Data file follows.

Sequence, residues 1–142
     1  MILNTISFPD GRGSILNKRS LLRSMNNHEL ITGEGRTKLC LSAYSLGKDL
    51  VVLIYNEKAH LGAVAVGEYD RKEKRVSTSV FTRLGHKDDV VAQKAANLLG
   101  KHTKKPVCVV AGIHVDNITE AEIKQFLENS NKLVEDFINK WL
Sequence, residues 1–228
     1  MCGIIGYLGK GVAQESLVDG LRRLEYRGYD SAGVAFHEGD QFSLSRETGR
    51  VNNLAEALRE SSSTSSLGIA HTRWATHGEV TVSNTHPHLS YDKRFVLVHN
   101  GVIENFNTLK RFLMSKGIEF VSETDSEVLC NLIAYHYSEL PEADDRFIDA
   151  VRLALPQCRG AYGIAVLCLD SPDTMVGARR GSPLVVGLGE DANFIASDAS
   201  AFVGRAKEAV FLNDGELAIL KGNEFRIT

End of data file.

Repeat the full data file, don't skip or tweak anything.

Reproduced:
Sequence, residues 1–142
     1  MILNTISFPD GRGSILNKRS LLRSMNNHEL ITGEGRTKLC LSAYSLGKDL
    51  VVLIYNEKAH LGAVAVGEYD RKEKRVSTSV FTRLGHKDDV VAQKAANLLG
   101  KHTKKPVCVV AGIHVDNITE AEIKQFLENS NKLVEDFINK WL
Sequence, residues 1–228
     1  MCGIIGYLGK GVAQESLVDG LRRLEYRGYD SAGVAFHEGD QFSLSRETGR
    51  VNNLAEALRE SSSTSSLGIA HTRWATHGEV TVSNTHPHLS YDKRFVLVHN
   101  GVIENFNTLK RFLMSKGIEF VSETDSEVLC NLIAYHYSEL PEADDRFIDA
   151  VRLALPQCRG AYGIAVLCLD SPDTMVGARR GSPLVVGLGE DANFIASDAS
   201  AFVGRAKEAV FLNDGELAIL KGNEFRIT